The US Justice Department said Tuesday that it had disabled a “sophisticated” malware network used by Russia’s FSB intelligence agency for two decades to spy in 50 countries including a NATO ally.
The FSB had successfully inserted the “Snake” or “Uroburos” malware on computer systems around the world, focused on government networks, research facilities, journalists and other targets, according to US officials.
Computers in the system also served as relay nodes to disguise traffic to and from Snake malware inserted on target computer systems, they said.
In a years-long operation, the FBI was able to defeat Snake by inserting its own bit of computer code into it, which issued commands causing the malware to overwrite itself, the Justice Department said.
“Through a high-tech operation that turned Russian malware against itself, US law enforcement has neutralized one of Russia’s most sophisticated cyber-espionage tools, used for two decades to advance Russia’s authoritarian objectives,” said Deputy Attorney General Lisa Monaco.
The malware has been known by computer security experts for at least a decade, and CISA, the US cyber defense agency, said the FSB began developing it in 2003.
CISA called Snake “the most sophisticated cyber espionage tool in the FSB’s arsenal,” noting that it was particularly stealthy, extremely hard to detect in computer systems and network traffic.
In addition, it was designed for easy updating and modification, and yet had “surprisingly few bugs given its complexity,” CISA said.
Those aspects allowed the FSB to work undetected for years through sprawling host networks to get into computers with sensitive documents.
At least in one case Snake was placed on the systems of an unnamed NATO country, allowing Russian intelligence to access and exfiltrate sensitive international relations documents and diplomatic communications, CISA said.
“The effectiveness of this type of cyber espionage implant depends entirely on its long-term stealth,” the agency said.
Previous official and news reports have indicated that Snake and related software has been found on government systems in Germany, Belgium, Ukraine and Switzerland.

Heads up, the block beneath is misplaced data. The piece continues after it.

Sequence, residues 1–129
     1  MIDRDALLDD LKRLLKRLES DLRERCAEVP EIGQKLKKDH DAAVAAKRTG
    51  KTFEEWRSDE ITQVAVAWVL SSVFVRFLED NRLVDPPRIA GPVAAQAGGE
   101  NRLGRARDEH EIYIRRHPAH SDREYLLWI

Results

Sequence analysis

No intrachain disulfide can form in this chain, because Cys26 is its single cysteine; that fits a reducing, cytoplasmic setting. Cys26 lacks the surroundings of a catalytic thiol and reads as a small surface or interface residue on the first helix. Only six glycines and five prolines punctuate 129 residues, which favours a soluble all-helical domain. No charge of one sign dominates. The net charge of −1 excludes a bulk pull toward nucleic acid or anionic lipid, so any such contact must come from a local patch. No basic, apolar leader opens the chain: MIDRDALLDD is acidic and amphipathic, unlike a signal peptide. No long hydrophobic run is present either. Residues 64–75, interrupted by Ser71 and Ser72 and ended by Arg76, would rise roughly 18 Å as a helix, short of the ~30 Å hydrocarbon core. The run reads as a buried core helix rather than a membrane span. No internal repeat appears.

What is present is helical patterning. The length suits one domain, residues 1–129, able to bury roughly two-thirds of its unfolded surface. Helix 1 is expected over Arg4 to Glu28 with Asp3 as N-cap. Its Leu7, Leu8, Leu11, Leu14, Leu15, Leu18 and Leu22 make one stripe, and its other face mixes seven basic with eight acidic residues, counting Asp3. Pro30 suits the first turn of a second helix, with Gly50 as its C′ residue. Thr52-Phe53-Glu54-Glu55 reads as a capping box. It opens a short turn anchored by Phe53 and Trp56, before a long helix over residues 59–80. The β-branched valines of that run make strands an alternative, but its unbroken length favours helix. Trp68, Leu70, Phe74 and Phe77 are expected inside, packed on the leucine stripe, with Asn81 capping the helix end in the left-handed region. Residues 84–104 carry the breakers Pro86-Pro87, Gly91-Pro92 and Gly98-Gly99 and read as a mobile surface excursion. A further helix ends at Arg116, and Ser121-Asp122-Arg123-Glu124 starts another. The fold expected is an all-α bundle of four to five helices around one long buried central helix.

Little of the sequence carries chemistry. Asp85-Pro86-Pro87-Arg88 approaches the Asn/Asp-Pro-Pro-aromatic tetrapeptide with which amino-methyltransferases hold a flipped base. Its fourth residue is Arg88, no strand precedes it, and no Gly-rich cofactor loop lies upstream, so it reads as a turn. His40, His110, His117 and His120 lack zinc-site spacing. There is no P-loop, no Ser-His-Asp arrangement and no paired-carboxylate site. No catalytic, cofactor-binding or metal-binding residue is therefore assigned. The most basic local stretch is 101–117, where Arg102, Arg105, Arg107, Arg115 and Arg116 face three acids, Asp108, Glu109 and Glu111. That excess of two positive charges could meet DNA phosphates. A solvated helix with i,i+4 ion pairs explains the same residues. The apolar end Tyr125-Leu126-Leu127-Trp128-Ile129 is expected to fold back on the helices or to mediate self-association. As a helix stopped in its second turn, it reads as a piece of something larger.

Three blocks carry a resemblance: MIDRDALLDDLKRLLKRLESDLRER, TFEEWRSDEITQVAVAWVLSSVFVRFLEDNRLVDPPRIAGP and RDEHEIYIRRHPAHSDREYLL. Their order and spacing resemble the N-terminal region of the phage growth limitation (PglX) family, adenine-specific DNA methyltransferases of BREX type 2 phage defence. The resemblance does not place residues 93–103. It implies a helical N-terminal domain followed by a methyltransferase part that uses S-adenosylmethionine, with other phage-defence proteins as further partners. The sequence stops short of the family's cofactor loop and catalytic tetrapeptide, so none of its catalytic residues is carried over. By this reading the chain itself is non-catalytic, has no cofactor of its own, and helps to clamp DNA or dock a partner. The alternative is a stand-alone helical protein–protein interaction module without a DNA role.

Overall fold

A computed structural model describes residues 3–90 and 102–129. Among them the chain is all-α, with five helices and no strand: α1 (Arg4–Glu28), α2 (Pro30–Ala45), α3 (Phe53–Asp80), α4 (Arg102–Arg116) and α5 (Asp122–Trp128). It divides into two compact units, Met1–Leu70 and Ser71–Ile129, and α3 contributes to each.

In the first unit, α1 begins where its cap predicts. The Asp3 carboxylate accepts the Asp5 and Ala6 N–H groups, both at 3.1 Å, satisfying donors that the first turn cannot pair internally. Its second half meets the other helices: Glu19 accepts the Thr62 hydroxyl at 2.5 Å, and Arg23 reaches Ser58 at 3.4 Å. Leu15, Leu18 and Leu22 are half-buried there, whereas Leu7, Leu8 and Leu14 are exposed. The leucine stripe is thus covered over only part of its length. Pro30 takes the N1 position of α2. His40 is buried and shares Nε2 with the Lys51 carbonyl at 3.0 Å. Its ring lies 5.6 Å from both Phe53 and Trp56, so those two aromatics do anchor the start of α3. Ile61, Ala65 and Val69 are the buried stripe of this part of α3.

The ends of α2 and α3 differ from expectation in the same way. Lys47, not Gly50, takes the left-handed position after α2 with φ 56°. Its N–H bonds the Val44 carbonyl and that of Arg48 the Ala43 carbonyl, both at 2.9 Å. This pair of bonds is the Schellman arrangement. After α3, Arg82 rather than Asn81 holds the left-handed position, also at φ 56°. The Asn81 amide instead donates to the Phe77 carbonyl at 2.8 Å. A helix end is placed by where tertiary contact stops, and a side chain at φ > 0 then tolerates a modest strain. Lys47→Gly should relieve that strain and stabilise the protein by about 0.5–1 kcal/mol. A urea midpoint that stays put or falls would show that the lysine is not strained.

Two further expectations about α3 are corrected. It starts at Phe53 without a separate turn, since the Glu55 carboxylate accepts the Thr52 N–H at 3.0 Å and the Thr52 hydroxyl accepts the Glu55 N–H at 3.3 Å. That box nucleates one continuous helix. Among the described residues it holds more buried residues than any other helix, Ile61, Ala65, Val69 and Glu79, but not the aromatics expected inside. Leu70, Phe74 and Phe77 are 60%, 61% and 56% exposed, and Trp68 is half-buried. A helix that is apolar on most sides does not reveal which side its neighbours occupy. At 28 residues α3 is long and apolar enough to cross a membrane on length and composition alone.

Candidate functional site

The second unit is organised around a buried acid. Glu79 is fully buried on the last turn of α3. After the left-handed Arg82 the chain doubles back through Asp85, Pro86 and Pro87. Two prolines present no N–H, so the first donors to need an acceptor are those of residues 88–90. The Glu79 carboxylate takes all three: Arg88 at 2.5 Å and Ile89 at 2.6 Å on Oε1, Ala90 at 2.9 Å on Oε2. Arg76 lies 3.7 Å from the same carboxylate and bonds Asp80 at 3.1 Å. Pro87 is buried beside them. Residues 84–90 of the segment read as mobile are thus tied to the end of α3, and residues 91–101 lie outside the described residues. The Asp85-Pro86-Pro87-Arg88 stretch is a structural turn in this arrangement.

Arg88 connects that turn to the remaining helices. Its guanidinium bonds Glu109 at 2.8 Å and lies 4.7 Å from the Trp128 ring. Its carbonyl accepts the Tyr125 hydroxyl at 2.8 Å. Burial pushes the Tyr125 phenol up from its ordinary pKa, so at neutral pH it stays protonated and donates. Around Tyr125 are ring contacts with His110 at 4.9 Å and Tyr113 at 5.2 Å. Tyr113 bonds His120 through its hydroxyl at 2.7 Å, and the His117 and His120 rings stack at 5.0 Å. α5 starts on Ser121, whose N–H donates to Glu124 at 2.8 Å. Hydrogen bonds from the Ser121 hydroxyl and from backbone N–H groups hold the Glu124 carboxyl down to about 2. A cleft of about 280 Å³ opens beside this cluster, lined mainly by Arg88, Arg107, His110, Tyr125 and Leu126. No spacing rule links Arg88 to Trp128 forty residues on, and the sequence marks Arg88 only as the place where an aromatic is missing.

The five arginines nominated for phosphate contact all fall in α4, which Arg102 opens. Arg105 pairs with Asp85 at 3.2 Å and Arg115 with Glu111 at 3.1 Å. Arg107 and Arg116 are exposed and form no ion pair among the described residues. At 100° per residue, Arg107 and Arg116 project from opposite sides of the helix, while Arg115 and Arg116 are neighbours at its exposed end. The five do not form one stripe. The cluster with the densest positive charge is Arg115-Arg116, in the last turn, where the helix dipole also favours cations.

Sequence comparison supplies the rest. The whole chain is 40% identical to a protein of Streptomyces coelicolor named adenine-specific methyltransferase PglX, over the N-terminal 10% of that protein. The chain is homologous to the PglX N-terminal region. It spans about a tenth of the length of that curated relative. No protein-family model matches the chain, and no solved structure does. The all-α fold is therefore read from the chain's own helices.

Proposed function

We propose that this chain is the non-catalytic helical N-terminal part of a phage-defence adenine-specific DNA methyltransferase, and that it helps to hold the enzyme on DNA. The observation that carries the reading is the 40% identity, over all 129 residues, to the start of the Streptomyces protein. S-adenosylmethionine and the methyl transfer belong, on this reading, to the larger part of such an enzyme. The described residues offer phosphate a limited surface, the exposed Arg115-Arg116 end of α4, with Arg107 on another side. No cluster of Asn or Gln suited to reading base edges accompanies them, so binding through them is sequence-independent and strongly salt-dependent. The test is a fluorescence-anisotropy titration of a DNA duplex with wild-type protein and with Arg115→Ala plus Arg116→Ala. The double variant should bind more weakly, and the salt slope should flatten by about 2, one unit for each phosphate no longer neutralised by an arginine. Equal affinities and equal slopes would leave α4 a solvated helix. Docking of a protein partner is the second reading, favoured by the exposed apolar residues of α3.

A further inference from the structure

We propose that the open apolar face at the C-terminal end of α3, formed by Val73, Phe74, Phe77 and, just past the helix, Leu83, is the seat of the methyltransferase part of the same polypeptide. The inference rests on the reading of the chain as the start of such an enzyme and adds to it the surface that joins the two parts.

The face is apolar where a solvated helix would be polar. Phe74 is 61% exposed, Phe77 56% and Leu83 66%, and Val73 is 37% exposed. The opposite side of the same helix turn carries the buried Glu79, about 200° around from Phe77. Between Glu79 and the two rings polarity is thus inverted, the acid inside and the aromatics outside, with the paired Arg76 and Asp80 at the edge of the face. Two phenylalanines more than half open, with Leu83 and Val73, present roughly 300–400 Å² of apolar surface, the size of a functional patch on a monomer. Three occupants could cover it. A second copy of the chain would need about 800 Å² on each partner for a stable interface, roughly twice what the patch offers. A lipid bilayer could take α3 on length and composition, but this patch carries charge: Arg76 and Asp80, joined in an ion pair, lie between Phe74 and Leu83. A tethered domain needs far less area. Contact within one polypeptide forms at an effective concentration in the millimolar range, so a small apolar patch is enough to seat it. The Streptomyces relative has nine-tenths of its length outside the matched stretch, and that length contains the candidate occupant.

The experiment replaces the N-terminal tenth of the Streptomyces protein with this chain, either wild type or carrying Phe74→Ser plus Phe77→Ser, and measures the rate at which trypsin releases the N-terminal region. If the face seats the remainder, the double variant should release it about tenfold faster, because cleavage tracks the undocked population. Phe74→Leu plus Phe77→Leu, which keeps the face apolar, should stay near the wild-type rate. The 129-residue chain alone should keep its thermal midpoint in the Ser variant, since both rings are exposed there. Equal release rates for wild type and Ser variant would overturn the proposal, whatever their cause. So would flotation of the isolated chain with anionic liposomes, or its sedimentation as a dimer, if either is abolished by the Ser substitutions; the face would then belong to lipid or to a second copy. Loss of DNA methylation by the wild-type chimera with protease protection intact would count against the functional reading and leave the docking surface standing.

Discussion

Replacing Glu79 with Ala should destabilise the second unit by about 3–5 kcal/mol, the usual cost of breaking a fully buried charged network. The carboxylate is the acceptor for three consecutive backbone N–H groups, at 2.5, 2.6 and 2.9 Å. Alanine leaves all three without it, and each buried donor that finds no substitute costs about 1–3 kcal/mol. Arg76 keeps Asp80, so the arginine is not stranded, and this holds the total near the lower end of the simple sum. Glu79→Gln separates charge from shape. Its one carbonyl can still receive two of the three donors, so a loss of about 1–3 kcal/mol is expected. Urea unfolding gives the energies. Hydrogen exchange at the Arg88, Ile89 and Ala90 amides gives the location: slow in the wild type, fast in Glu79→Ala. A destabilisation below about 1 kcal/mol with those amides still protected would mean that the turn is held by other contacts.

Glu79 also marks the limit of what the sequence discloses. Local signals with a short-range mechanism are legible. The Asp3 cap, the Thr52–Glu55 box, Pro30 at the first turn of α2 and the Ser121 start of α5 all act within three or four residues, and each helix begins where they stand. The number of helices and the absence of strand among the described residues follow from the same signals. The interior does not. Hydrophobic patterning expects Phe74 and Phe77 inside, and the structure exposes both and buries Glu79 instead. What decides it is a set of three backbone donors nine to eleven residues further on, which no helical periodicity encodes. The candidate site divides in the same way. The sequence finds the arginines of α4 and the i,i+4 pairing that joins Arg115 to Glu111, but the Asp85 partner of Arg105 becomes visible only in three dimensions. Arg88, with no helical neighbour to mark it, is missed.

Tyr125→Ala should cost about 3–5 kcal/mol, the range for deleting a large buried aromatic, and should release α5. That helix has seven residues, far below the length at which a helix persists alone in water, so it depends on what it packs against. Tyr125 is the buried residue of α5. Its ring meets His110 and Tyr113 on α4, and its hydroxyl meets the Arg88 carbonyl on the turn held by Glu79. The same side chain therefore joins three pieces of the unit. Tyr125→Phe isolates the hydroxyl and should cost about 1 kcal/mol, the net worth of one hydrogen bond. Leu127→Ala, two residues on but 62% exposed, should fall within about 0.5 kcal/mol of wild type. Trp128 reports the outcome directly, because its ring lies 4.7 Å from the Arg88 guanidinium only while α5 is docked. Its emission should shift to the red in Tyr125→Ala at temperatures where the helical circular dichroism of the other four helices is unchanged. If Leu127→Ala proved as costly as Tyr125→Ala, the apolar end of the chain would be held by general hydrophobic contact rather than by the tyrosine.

CISA said US investigators had traced the malware’s development to an FSB unit known as Center 16 operating out of Ryazan, Russia, and its operation from an office the unit has in Moscow.
CISA said it and cyber experts in allies have been investigating the unit and its hacking tools — more broadly known as the Turla toolset — for almost 20 years.
The FSB has adapted it for use in Windows, MacOS, and Linux operating systems, and even when it was exposed as a threat by computer security firms, the Russians were able to modify it to keep it hidden and functional.
But Snake’s sophistication led to errors in using it by less skillful FSB operators, which allowed Western investigators to permeate its inner workings and track the malware, CISA said.
The Justice Department said the FBI developed a tool dubbed Perseus, that rendered the Russian malware ineffective.
Perseus “establishes communication sessions with the Snake malware implant on a particular computer, and issues commands that causes the Snake implant to disable itself without affecting the host computer or legitimate applications on the computer,” the department said.
Despite the success the Perseus implant, Snake malware is still a threat, according to a joint advisory issued Tuesday from cyber authorities in the United States, Canada, Britain, Australia and New Zealand.